HomeNewsProperty Taxes by State: The Latest Data for 2023
Property Taxes by State: The Latest Data for 2023

Property Taxes by State: The Latest Data for 2023

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Unlike income or sales taxes which do not exist in some states, property tax is levied in all 50 states. It applies to all immovable property and land, as well as personal properties like cars, trucks, and equipment. In fact, property taxes are the biggest source of state and local revenue in the US, accounting for more than 70% of local tax collections.

As you might know, not all homeowners or investors pay the same taxes simply because not all properties are built in the same location, and, coast to coast, property taxes by state varies greatly. Read on for a comprehensive state-level overview of property taxes in the US, revealing median rates, the states with the highest and lowest property taxes, as well as the average amount of taxes actually paid.

Property Taxes by State – The Highlights

  • In 2020, property taxes generated 32.2% of all state and tax collections.

  • At 2.49%, New Jersey has the highest average property tax.

  • Hawaii is the state with the lowest property tax rate at 0.28%.

  • 14 out of 18 boroughs in Alaska impose a property tax.

  • The effective property tax rate in the US is 0.9%.

Property Tax Rate by State – An Overview

StateAverage State Tax RateMedian Home ValueAnnual Tax on Median Value Home in StateAnnual Tax on Median Value Home in the US ($440,300)
District of Columbia0.56%$811,792$4,546$2,466
New Hampshire2.18%$455,286$9,925$9,599
New Jersey2.49%$484,393$12,061$10,963
New Mexico0.80%$299,214$2,394$3,522
New York1.72%$379,307$6,524$7,573
North Carolina0.84%$326,383$2,742$3,699
North Dakota0.98%$284,545$2,789$4,315
Rhode Island1.63%$446,155$7,272$7,177
South Carolina0.57%$299,604$1,708$2,510
South Dakota1.31%$296,908$3,889$5,768
West Virginia0.58%$140,027$812$2,554

(Roofstock, FRED, Zillow)

Real Estate Taxes by State and How They Work

Property tax in the US is not only a major source of tax revenue for local governments, but it also helps fund the provision of public services. In fact, in 2020, property taxes accounted for nearly a third (32.2%) of all state and local tax collections and, as such, are the number one source of tax revenue.

Owning a home, building, or any tangible property means actively and passively participating in the functioning of the community where that property is located. And the size of the annual contribution you will be making to the state depends on your home's assessed value, or fair market price, and the current property tax by state.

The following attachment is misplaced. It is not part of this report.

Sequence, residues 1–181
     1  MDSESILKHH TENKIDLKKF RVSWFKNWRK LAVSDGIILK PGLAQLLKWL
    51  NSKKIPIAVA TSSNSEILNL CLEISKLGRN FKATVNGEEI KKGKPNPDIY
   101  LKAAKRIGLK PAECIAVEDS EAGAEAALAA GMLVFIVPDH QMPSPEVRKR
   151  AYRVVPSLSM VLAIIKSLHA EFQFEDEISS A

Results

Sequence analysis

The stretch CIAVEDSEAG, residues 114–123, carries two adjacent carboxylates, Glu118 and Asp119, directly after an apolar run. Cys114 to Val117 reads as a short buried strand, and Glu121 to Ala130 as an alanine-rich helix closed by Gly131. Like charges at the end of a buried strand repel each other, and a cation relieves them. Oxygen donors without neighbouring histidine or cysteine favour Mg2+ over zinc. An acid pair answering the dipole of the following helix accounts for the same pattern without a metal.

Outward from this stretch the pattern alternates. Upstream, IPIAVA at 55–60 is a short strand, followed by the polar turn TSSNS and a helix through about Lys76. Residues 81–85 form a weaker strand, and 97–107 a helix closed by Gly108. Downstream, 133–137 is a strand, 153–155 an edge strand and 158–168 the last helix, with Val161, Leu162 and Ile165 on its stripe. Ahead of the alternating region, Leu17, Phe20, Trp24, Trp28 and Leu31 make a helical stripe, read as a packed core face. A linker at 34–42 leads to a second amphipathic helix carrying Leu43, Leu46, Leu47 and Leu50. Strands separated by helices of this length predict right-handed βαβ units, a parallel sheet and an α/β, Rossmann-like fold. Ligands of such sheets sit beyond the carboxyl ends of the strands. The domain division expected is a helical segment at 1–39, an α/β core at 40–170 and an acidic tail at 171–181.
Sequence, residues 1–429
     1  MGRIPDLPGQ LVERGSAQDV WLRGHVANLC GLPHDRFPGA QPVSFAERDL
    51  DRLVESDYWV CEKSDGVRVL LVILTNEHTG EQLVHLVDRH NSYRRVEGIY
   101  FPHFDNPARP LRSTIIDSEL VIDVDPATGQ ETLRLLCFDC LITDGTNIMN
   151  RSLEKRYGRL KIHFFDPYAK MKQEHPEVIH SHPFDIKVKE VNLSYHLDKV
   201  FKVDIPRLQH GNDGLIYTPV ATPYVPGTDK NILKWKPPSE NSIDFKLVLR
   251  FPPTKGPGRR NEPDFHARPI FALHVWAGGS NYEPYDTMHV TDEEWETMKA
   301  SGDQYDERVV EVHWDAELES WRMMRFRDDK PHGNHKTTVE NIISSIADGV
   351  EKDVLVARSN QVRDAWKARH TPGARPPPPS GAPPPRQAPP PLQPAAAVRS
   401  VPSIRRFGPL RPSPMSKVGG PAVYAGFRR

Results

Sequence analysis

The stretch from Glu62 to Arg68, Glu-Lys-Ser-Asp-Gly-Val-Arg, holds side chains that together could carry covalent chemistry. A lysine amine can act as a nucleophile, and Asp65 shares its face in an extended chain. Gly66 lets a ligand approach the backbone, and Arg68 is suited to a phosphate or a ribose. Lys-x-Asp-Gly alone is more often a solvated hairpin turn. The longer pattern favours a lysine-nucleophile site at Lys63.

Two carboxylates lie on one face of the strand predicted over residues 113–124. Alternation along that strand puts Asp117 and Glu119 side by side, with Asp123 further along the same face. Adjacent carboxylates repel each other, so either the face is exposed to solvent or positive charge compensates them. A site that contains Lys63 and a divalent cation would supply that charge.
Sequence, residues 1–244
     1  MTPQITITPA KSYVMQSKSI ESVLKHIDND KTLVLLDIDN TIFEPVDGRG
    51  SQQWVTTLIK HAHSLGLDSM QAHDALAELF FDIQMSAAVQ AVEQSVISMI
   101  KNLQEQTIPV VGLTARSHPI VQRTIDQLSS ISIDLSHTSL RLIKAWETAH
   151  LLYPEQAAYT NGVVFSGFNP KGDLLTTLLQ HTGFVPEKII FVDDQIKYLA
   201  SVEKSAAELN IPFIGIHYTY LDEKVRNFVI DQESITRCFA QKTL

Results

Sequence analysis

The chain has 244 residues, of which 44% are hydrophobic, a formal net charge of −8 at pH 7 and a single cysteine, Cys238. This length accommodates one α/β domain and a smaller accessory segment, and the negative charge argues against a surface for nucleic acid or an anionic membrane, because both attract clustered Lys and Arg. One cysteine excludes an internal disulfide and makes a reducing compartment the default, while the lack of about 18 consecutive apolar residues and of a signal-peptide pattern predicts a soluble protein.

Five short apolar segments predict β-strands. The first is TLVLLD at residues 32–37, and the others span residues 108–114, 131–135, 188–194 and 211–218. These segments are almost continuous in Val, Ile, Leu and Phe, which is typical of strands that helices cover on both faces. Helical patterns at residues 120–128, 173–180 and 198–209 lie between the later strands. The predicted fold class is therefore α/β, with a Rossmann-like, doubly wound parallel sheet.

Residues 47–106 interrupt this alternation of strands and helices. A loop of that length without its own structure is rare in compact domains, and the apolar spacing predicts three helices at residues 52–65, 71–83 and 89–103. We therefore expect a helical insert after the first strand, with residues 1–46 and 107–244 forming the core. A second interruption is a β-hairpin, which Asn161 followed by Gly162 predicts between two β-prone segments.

But what you pay in property tax also depends on the type of land and the property's structure. For instance, vacant land will most likely have lower real estate taxes because its market value is lower. That’s why the most certain way to know how much you will pay is to multiply the state tax rate by the assessment ratio (the taxable portion of the property value) and the property value.

Finally, property tax rates in most states change every year or every five years, including the mill rate imposed by municipalities, so if you’re planning to buy real estate, your first point of cost assessment should start from there.

(Tax Foundation)

States With the Highest Property Tax

Some jurisdictions need more for local schools, utilities, and government operations, while others need less. In fact, the rate you are charged is typically the total of the rates for the individual services provided by the municipality or otherwise known as the mill rate (effective property tax rate).

And, of course, since property taxes are assessed as a percentage of the property's value, it’s somewhat logical for places with higher prices, especially housing prices, to pay more for owning a property.

New Jersey, for example, is one of the most densely populated states in the country, has a significantly high cost of living, and levies one of the highest sales taxes by state. Consequently, it shouldn’t come as a surprise that it’s also one of the states with the highest property taxes, with an average rate of 2.49%. Here’s the full list of the states that leverage the highest property taxes:

  1. New Jersey 2.49%

  2. Illinois 2.27%

  3. New Hampshire 2.18%

  4. Connecticut 2.14%

  5. Vermont 1.90%

  6. Wisconsin 1.858%

  7. Texas 1.80%

  8. Nebraska 1.73%

  9. New York 1.72%

  10. Rhode Island 1.63%

The above ranking is based on the average property tax rate imposed at a state level. So, for example, for a median home valued at $484,393, a homeowner from New Jersey would pay a total of $12,061 a year, while a homeowner from Rhode Island, which has a significantly lower tax rate, would pay $7,272 for a median home valued at $446,155.

(Roofstock, FRED, Zillow)

States With the Lowest Property Tax

Believe it or not, of all 50 states, Hawaii has the lowest average tax rate on property, currently standing at 0.28%. It has a nearly 50% lower property tax rate than the District of Columbia, Delaware, and South Carolina. As seen from another perspective, a person living in a $1 million worth of home in Honolulu pays around $3,000 annually for property tax, while for a property of the same value, a person from New Jersey pays almost $24,000. Below is a list of the other states with low property tax:

  1. Hawaii 0.28%

  2. Alabama 0.41%

  3. Colorado 0.51%

  4. Louisiana 0.55%

  5. District of Columbia 0.56%

  6. Delaware 0.57%

  7. South Carolina 0.57%

  8. West Virginia 0.58%

  9. Nevada 0.60%

  10. Wyoming 0.61%

(Roofstock, FRED, Zillow)

What should be noted here is that while Hawaii may be property tax heaven, it does not come without a cost. In fact, the government compensates for the fact that they have the lowest property taxes by state with the general excise tax, which is levied on almost everything. The GET presents a significant burden on people with lower income who are not homeowners and do not, in any way, benefit from the fact that their state has the lowest property tax.

The case of Delaware and South Carolina, both of which have an average tax rate of 0.57%, is similar. To compensate for the low property tax, South Carolina has a pretty high sales tax rate of 6%. Also, Delaware has no sales tax and is one of the lowest property tax states but is also one of the few—seven states, to be exact—that levy gross receipt tax.